Magic the Gathering takes center stage in a heavy handed moment of high drama surrounding an accidental leak of Magic the Gathering cards from the upcoming set March of the Machine: The Aftermath. On April 20, the popular YouTube channel oldschoolmtg posted a video featuring the opening of a collector’s box of the new card set, due out this May. Within hours, the video was taken down due to copyright violations. However, the real story behind this incident is much deeper than a simple copyright issue.

It turns out that the cards featured in the video were obtained from an acquaintance who had purchased them legally. The problem arose when the Wizards of the Coast distributor mistakenly shipped the wrong product, leading to a series of misunderstandings and miscommunications. This mistake ultimately led to the involvement of none other than the infamous Pinkertons, a private detective agency known for their history of union-busting and anti-competitive practices.

At some point on April 20, YouTube channel oldschoolmtg published a video showing the opening of a box of collector booster packs from March of the Machine: The Aftermath — just one of 22 boxes it said were purchased from an acquaintance. Little has been revealed about the set so far, which is not expected to arrive in stores until May 12. As a result, the video was quickly downloaded and used as fuel for reaction videos all over the internet.

Later, on April 22, oldschoolmtg published another video explaining what had happened.

According to reports, the Pinkertons arrived at the home of the presenter, accompanied by contact information for someone at Wizards of the Coast. They claimed that the cards were stolen property and threatened legal action against the presenter. Needless to say, this caused quite a stir, with the presenter’s wife being left in tears by the sudden arrival of armed men at her doorstep.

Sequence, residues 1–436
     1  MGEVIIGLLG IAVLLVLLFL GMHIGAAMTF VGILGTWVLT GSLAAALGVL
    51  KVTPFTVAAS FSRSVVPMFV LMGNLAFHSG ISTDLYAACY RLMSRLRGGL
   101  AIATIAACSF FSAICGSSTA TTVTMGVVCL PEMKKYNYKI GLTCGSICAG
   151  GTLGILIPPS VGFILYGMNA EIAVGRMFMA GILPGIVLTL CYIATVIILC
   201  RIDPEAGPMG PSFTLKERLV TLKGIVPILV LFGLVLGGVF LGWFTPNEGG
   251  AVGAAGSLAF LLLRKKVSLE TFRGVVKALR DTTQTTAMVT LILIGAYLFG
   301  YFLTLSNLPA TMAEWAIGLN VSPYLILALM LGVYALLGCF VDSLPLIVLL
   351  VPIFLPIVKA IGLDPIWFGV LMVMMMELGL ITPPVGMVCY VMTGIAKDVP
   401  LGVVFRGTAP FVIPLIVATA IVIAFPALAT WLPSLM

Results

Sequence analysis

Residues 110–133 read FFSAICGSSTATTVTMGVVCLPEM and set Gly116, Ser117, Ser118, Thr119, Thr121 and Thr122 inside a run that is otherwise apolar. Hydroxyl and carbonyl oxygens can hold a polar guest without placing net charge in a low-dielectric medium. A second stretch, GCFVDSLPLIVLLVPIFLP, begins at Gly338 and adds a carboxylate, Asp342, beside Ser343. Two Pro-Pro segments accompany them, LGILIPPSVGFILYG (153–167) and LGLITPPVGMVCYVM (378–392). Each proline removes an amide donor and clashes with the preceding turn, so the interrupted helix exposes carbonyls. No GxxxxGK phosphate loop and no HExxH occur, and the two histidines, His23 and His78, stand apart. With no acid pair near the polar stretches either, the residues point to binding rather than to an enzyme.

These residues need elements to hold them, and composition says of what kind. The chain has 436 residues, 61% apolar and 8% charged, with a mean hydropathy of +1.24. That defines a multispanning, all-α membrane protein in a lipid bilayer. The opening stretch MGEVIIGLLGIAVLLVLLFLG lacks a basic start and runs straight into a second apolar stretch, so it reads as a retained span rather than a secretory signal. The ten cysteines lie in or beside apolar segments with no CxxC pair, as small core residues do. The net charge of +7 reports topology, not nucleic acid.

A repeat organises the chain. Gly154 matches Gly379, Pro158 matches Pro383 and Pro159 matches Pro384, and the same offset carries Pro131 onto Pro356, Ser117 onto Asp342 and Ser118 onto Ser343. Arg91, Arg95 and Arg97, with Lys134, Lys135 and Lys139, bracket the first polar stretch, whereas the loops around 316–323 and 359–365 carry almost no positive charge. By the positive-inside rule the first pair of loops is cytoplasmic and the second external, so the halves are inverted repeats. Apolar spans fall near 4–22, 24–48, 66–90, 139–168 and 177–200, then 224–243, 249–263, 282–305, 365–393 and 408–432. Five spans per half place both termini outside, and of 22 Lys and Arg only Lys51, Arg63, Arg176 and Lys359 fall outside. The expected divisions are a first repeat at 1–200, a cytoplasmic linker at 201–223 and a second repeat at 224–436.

Despite assurances from Wizards of the Coast that there was no malicious intent and that the matter would be resolved amicably, the Pinkertons still managed to seize almost two dozen boxes of cards during their visit. This move has sparked outrage within the tabletop gaming community, who already hold a grudge against Wizards of the Coast for their attempts to repeal the Open Gaming License 1.0a. Many feel that this latest move only serves to reinforce their distrust of the company.

So why did Wizards of the Coast resort to such extreme measures? It’s hard to say, but Wizards of the Coast has already demonstrated a willingness to shove the normal rules of behavior under the carpet to get their way. This is evidence by their recent debacle this January over Dungeons and Dragons and the core rules, the open license for which WotC attempted to retroactively revoke despite there being no precedent for such revocation in any legal system on the planet. In the end the gaming community won, and there was a massive backlash which may have indirectly resulted in tumbling Hasbro stock valuation and a surge in the popularity of WotC’s competitor’s products, most specifically Paizo’s Pathfinder games.

This brings us back to the incident with oldschoolmtg and the Pinkertons. While Wizards of the Coast may have had good intentions in trying to protect their intellectual property, the use of such extreme measures has only served to alienate them further from their customer base. Many players feel that the company is becoming increasingly dictatorial and controlling, rather than working collaboratively with the community that helped make their brand successful.

Ultimately, the future of the relationship between Wizards of the Coast and the Magic: The Gathering community remains uncertain. Some players have called for boycotts of official products, while others remain loyal to the brand despite its flaws. What is clear, however, is that the actions of the Pinkertons and Wizards of the Coast have struck a nerve within the community, and that the status quo may soon be changing. Whether that change will be for the better remains to be seen.


Gene Turnbow
Gene Turnbow

President of Krypton Media Group, Inc., radio personality and station manager of Part writer, part animator, part musician, part illustrator, part programmer, part entrepreneur – all geek.